When you start out in business it is difficult to know whether to be a sole trader (self-employed) or a limited company. And many will wonder what the difference is and whether there are advantages of one over the other.
A few years ago it was said that it was more tax efficient to be a limited company but these days there really isn't much difference in tax savings between the two.
So how do you decide?
The choice has to be based on the type of business you are starting and only you and an accountant really know which is the best option for you.
My experience working with small businesses is that generally it is better to start as a sole trader.
Advantages of being a sole trader
1. You can start trading straight away in your own name.
2. You can open a business bank account more easily than you can if you are a limited company.
3. You don't have to register with HMRC until 5 October in your second year of trading. However you must register by then to avoid a fine and to ensure you receive a self-assessment tax return to complete. You only need to register if you earned more than £1,000 in the tax year.
4. Accountancy fees for preparing and submitting self-assessment tax returns are a lot less than preparing and submitting limited company accounts. And you could even do the tax return online yourself to save on costs.
5. Your accounting period will generally run from 1 April to 31 March in line with HMRC tax year making it easier to prepare your accounts.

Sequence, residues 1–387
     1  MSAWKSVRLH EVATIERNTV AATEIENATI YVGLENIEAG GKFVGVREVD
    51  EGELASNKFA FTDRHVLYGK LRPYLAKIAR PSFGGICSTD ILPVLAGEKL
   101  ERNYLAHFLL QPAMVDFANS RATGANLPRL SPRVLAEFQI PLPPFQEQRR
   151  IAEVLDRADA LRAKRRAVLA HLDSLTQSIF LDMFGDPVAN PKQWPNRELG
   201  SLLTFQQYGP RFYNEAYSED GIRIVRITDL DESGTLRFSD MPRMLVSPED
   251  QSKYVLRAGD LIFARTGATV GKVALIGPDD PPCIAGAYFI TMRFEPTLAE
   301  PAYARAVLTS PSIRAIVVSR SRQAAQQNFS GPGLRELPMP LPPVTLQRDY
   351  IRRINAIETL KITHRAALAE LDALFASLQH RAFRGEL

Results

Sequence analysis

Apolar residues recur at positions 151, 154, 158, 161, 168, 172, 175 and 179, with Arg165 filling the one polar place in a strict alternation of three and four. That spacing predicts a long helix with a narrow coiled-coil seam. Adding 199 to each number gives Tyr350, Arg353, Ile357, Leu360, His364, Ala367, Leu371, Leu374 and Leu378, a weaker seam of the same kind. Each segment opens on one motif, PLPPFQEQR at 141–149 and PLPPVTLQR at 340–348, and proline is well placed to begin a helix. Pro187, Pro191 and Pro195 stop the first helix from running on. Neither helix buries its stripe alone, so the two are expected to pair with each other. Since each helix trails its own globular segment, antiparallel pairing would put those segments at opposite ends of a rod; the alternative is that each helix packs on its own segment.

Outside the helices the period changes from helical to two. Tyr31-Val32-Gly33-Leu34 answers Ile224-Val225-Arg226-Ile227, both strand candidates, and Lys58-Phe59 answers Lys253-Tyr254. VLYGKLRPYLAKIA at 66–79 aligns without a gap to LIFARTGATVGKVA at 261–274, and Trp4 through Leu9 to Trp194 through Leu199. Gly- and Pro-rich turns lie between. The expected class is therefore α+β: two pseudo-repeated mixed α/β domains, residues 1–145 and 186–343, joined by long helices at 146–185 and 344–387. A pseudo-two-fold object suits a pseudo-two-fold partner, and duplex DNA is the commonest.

6. If the business doesn't take off you can just stop and as long as you submit your final self-assessment tax return declaring your income and expenses for that year you don't need to do anything else.
7. Tax is payable on the profits of your business before deduction of any drawings you may have taken and is payable by you personally and not the business as the profit is your income.
But you may decide because of the type of business you are starting that you want to be a limited company. The reasons for choosing this entity may be so that you give the impression of being a larger business and for the protection it gives you personally if the business fails.
Disadvantages of being a limited company
1. Accountancy fees will be significantly more to prepare and submit limited company accounts and corporation tax returns to HMRC and Companies House.
2. There will be initial set up costs when purchasing limited company status. This can be done online fairly cheaply but will cost more if set up is done by an accountant.
3. It can be more involved to obtain a business bank account and often takes longer before it is available to use.
4. There will be further accounting costs to shut down your company if things don't work out.
5. You will be an employee of your company and will therefore need to set up and run a payroll and file returns on time.
6. You have significant responsibilities as a director of a limited company. Read more about Director responsibilities here.
Advantages of being a limited company
1. You can take a smaller salary but still receive the benefit of National Insurance contributions.
2. If you take a larger salary your business will pay employer's National Insurance contributions for you which will reduce the profit of the business.
3. Your business can make a pension contribution on your behalf reducing the profit of the business.
4. If your business makes a profit after corporation tax has been accounted for you can take dividends.
5. Corporation tax is payable on your profit before dividends and is paid by the company although is not classed as a business expense.
Whichever entity you choose for your business you will need to keep accurate accounting records and register for VAT when you reach the VAT registration threshold of £85,000.